How Portfolio Yield is Reset in Bond Mutual Funds
We all know that interest rates are bound to rise, the reversal of the interest rate cycle is only a matter of time. Since interest rates and bond prices move in opposite directions, as long as interest rates go up, bond fund returns will not be good. Another common practice is to look at the YTM portfolio (yield to maturity, the level of bond accumulation in the portfolio) and take it as an indicator of the expected return of a debt fund. Now let’s put it all together.
Rate of climb
When interest rates rise in 2022, the YTM portfolio of debt funds will grow. So when will the benefits of higher yields (interest rates) in the market flow to investors? Herein lies the relevance of the debt fund portfolio reset.
The coupon rate of a bond is a constant and does not depend on fluctuations in market interest rates. If the face value and issue price of a bond is Rs 100 and the coupon rate (interest rate) is 5%, the interest payment is Rs 5, unconditional. Also assume that the YTM-weighted average of all bonds in a debt fund’s portfolio is 5%. Thereafter, market interest rates increase and the YTM for daily NAV valuation increases to 6%. The relevance of this is that the price of the bonds for the daily calculation of the net asset value will be taken as that corresponding to 6%, which will be lower than the nominal value, since the yield and the price move in opposite directions. But, since the accumulation of coupons in the portfolio of the fund occurs at 5% and not at 6%, how to reconcile this?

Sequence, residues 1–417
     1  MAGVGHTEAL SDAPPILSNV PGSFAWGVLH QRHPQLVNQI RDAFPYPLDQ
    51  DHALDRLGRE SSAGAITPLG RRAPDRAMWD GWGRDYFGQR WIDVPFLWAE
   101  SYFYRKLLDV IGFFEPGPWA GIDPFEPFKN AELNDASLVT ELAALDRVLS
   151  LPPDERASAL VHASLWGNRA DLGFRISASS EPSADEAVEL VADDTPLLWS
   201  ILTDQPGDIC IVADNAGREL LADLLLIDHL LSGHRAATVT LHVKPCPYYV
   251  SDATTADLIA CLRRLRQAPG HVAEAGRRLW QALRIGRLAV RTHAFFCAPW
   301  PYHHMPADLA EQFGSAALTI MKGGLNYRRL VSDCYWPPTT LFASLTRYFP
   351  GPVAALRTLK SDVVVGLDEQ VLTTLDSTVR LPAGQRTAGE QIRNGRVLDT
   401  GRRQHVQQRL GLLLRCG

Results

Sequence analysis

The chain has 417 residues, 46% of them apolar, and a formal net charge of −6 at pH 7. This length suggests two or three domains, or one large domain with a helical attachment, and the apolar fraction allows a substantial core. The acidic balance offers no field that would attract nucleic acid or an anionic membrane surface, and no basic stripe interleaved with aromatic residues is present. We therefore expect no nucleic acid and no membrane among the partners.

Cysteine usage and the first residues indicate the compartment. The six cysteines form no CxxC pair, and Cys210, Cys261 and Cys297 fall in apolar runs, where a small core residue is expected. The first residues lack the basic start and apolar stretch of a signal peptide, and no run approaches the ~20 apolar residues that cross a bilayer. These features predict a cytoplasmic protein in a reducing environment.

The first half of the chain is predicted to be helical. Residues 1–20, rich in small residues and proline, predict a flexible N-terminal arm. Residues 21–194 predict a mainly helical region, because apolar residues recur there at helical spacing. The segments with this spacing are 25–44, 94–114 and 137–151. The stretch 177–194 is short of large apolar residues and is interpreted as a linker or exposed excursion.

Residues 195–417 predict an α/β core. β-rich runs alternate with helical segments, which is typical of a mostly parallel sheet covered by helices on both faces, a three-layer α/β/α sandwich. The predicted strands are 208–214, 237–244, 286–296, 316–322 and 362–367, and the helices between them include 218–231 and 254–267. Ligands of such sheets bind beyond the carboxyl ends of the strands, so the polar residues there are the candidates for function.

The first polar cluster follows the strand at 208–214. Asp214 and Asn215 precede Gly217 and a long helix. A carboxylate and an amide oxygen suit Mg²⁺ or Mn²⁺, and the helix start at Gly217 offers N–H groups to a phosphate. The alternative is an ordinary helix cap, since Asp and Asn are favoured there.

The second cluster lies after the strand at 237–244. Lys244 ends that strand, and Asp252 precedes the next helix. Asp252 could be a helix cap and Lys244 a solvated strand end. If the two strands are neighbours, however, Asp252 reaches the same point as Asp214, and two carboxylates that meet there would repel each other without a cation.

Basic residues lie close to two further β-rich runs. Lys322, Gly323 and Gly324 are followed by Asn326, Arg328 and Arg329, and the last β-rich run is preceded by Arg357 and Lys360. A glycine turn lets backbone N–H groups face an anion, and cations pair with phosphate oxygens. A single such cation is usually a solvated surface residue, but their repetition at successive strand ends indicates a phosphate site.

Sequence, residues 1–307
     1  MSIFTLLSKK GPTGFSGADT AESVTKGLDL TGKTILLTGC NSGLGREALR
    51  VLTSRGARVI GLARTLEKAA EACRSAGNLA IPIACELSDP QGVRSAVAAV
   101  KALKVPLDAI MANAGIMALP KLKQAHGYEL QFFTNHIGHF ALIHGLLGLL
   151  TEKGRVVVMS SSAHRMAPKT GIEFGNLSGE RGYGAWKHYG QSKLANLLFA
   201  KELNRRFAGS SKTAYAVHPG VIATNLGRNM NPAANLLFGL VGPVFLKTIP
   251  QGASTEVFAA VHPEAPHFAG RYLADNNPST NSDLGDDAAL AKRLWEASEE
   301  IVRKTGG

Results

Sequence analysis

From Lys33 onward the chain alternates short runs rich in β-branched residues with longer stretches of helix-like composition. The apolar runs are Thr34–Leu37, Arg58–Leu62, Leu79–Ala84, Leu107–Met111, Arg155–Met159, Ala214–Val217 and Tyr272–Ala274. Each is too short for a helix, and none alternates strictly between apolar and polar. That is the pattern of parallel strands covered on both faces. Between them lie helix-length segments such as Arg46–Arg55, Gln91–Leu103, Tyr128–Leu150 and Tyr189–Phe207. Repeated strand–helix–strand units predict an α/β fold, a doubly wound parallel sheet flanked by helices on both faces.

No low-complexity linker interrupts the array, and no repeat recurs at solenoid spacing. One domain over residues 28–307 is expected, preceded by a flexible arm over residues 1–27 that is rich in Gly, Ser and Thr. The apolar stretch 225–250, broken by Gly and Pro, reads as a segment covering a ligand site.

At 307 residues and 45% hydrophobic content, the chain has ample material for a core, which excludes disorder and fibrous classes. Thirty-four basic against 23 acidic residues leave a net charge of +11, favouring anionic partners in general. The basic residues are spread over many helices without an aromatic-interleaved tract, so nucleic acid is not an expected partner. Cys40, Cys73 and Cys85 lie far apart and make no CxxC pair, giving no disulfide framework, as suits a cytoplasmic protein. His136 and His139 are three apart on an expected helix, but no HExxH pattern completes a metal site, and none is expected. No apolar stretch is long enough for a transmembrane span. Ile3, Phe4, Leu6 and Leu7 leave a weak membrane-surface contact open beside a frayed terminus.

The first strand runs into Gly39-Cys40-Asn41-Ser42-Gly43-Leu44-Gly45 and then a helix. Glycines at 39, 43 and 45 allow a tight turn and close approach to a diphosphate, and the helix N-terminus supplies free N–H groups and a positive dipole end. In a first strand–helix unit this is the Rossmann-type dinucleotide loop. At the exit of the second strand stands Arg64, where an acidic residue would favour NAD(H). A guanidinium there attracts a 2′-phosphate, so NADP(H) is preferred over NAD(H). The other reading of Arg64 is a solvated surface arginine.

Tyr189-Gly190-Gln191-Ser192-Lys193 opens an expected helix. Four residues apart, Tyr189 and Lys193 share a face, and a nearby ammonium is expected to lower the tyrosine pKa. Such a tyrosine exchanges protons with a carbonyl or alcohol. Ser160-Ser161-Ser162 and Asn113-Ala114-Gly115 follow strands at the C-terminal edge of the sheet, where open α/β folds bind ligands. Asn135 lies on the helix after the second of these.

Portfolio maturity matters
Over a period of time, as the instruments in the portfolio mature, the face value returns and the portfolio benefits. How? ‘Or’ What? Let’s say that for the bond with a face value of Rs 100 which was valued at Rs 99 due to the rise in yields, at maturity the portfolio benefits from Re 1, insofar as it holds the portfolio.
So the whole question is how long is the cycle for the entire portfolio of bonds or other instruments to mature? The indication for this is the maturity of the fund’s portfolio, which is the weighted average of all the instruments in the portfolio, which we can refer to in the fund’s fact sheet. Although technically the maturity of the portfolio is subject to change due to maturities and the purchase of new instruments, we have the indication. In a liquid fund, if the maturity of the portfolio is say 1 month, in about a month the portfolio resets. In a longer-dated fund, it takes much longer, while the negative impact of rising yields is greater.
When interest rates rise, funds with shorter durations like Liquid, Ultra Short, Low Duration, etc. will gradually benefit from it in 2022. Do not give high hopes; interest rates are currently falling, but gradually the level of accumulation of debt funds will normalize, that is to say, it will go from very low levels to reasonable levels. So, if your investment horizon is not very long, go for shorter portfolio maturity funds because interest rate reset happens faster here.
The writer is a corporate trainer and author
February 12, 2022